40% of pharma executives are baking expected savings from Generative AI into 2024 budgets
New survey from Bain & Company shows pharma executives are moving beyond AI experimentation to organization-wide scaling
NEW YORK, Feb. 12, 2024 /PRNewswire/ -- The generative artificial intelligence (AI) transformation is well underway in pharma, and pharma companies have high confidence in its value. Already, 40% of executives say they are baking expected savings into their 2024 budget, and 60% have set targets for cost savings or productivity boosts, according to a recent Bain & Company survey.
Nearly 60% of executives say that they have moved beyond ideation and brainstorming to building out use cases, with 55% reporting they expect to have multiple proof-of-concept or minimum viable product builds by the end of 2023.
"Over the next six to twelve months, leading companies will move from cultivating isolated pilots to scaling for results," said Eric Berger, a partner in Bain & Company's Healthcare & Life Sciences practice. "As leadership teams move beyond experimentation into pilots and launches, they are thinking carefully about when and how to communicate their AI journeys to investors. Those that can signal a structured, scalable enterprise-wide pogram, rather than a smattering of standalone initiatives, will reap the rewards in the next phase of AI."
Data science and machine learning are not new to pharma executives who have been investing in productivity enhancements for years, primarily in the drug discovery space. Bain research shows 54% of pharma companies have automated biomedical literature review solutions, and 46% are using AI as part of their process to find potential disease targets. Now, generative AI is broadening the aperture of use cases with new opportunities across the value chain. Biomedical literature review and preclinical research remain among the most popular use case areas, although we're also seeing high investment in IT and competitive intelligence. Within these top areas, more than 60% of executives say they have at least a proof of concept in development, and around 10% have already rolled out tools. These early adopters have moved swiftly, often reaching a working pilot within about eight weeks. Already, many are seeing tangible value.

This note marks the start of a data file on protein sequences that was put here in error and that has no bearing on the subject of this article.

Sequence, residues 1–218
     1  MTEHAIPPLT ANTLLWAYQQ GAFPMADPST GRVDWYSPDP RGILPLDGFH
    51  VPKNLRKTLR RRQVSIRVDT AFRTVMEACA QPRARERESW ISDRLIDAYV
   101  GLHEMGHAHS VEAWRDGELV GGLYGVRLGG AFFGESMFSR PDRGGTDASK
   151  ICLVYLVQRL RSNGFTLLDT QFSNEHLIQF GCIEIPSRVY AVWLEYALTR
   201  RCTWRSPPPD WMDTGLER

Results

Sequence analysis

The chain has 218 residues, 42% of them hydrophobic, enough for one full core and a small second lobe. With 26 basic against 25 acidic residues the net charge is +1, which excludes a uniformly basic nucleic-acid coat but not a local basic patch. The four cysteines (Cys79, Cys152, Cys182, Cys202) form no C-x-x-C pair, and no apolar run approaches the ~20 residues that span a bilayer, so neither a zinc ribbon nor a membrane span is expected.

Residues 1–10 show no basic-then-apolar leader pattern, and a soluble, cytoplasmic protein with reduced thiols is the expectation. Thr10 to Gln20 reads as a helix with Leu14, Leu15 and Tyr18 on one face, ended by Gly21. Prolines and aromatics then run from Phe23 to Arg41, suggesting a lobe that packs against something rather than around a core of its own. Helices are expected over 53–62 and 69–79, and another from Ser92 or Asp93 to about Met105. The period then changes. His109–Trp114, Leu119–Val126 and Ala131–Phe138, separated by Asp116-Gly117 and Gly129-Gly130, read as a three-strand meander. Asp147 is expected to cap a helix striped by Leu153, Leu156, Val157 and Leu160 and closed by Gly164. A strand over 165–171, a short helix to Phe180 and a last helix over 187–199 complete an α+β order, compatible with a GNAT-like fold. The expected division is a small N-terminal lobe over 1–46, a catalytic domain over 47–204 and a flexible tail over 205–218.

Generative AI is top of mind for most pharma companies, with 75% citing it as a C-suite and board priority. And investors are watching closely to differentiate the pioneers from the followers. If pharma companies want to generate value from generative AI as fast as the technology allows, they need to ensure the organization is ready. Companies can take a three-tiered approach to prime their operating model for generative AI at scale:
Editor's Note: To arrange an interview, contact Katie Ware at [email protected] or +1 646 562 8107.
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SOURCE Bain & Company